The conditions Saturday became so bad that Malloy banned non-emergency vehicles from the Merritt and Wilbur Cross parkways for fear that tree limbs would strike passing cars. That ban was lifted Sunday.


 Those who ventured onto the roads found few businesses that were open. Those that were open were crowded. There were long lines at gas stations as motorists tried to top off their vehicles and buy gas for snow blowers.


 The gas ran out at an Exxon station in Rocky Hill, forcing those in line to go elsewhere.


 “It’s crazy. Usually I fill up before a storm, but I didn’t think the storm would be this bad,” said Linda Pelletier of Rocky Hill. “I feel like I’m back in the ’70s when we had gas shortages.”


 Several West Hartford police officers were running on fumes as they waited to fuel their patrol cars. On unday afternoon, police were able to get two gas station owners to allow them exclusive access to pumps until all vehicles were fueled up.


 Peter Pan Bus Lines canceled service Saturday evening between New York and Boston, but said service resumed Sunday morning.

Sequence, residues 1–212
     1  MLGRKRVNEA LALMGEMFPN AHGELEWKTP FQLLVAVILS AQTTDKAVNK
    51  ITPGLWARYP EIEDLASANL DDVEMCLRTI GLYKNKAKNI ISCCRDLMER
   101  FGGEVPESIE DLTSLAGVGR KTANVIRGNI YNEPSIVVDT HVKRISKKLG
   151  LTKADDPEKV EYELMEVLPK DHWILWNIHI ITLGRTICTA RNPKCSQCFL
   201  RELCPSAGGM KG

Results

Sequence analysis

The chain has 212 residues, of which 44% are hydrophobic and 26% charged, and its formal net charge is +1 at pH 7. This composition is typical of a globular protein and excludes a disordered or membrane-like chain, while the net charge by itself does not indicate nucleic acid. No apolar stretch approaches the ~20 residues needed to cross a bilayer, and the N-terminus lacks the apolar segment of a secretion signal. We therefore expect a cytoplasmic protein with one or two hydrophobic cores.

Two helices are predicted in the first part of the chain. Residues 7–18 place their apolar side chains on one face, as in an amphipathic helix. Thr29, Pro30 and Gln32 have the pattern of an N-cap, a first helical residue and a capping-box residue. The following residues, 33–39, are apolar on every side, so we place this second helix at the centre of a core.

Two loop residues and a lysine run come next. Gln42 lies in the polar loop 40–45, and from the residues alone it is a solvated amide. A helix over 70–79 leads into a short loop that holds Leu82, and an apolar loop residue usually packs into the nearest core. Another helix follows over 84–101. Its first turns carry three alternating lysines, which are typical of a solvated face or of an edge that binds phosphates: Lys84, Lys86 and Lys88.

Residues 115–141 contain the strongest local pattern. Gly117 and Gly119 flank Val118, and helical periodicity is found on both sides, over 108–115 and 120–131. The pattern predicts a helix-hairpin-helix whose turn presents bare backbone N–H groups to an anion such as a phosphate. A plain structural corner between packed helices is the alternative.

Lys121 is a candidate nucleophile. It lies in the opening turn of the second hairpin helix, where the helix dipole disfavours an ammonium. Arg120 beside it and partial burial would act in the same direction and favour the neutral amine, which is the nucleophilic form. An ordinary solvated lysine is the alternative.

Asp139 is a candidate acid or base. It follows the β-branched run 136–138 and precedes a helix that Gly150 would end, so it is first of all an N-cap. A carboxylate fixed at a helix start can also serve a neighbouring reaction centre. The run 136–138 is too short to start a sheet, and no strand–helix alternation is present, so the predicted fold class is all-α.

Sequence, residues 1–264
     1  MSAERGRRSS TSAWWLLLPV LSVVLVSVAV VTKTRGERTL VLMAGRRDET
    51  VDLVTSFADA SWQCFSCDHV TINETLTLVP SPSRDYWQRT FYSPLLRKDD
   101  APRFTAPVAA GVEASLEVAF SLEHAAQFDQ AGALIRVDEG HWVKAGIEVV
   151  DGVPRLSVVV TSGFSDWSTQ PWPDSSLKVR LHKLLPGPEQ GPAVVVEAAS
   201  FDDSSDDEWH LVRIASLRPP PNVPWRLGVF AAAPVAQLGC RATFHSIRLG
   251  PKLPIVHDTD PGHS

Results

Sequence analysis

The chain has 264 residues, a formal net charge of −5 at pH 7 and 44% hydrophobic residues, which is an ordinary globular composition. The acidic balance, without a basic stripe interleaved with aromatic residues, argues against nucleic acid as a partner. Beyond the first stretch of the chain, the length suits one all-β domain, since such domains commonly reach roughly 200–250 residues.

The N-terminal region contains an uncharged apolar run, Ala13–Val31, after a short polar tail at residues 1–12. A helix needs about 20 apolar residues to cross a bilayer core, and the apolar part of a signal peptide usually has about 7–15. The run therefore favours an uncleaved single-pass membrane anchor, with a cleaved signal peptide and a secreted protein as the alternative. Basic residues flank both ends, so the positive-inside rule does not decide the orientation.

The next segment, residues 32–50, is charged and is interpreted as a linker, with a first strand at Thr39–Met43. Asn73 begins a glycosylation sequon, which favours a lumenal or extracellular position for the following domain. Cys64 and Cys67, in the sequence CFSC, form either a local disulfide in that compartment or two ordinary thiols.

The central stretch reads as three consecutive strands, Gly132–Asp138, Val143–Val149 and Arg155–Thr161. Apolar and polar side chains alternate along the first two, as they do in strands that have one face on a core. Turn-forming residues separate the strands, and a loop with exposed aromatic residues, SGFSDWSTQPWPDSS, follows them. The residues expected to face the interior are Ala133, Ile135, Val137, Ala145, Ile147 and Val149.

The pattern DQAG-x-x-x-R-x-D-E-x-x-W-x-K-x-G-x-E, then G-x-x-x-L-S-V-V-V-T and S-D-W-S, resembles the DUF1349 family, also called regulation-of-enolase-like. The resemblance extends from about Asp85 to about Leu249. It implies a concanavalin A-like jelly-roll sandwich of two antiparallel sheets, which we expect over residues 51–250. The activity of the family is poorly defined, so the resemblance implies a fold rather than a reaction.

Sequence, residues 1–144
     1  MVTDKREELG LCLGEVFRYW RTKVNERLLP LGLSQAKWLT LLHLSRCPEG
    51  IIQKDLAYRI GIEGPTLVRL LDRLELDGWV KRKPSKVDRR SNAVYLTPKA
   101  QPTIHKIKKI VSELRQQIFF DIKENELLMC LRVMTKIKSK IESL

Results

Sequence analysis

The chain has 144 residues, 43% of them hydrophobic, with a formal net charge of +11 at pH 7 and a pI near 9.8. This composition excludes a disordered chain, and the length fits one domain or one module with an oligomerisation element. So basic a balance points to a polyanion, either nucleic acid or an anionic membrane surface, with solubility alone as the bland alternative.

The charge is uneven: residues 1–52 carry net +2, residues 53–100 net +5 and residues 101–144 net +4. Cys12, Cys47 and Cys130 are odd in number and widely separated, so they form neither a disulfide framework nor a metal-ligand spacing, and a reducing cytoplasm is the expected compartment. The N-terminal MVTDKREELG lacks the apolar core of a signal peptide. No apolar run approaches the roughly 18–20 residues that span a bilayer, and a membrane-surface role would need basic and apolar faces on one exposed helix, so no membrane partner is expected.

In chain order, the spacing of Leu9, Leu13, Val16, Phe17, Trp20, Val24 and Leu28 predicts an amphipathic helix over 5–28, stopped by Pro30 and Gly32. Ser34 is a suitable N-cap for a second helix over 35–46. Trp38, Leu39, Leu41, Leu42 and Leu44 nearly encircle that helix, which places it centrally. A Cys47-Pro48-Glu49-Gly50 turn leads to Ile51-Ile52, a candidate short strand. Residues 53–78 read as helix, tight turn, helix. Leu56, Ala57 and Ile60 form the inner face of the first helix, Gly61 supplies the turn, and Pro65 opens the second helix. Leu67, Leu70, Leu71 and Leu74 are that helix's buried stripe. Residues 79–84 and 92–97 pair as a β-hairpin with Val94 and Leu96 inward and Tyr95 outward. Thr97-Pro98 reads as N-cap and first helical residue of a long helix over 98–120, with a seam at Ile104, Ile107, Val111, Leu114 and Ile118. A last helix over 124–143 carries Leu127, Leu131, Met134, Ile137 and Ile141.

Both Malloy and New Jersey Gov. Chris Christie declared states of emergency, which gives them additional powers to combat the huge storm that touched multiple states.


 On Saturday, numerous crashes and bumper-to-bumper traffic forced police to shut down Route 44 by midafternoon on both sides of Avon Mountain in West Hartford and Avon. In pockets around the state, the roads were packed in the midafternoon as motorists either ignored the storm or got caught by surprise and were unable to get home as quickly as they thought they could. In Fairfield County, the storm hit a few hours earlier than had been expected.


 Danbury Mayor Mark Boughton ordered all local roads shut down by 4 p.m. The mayor said only emergency vehicles would be allowed in order to clear away cars that have gotten stuck.


 “It’s not supposed to snow in October, but no one told Mother Nature,” said Geoff Fox, meteorologist at FOX CT. Fox said the weather conditions had caused “thunder snow’’ — typically a once-a-year event in the weather world.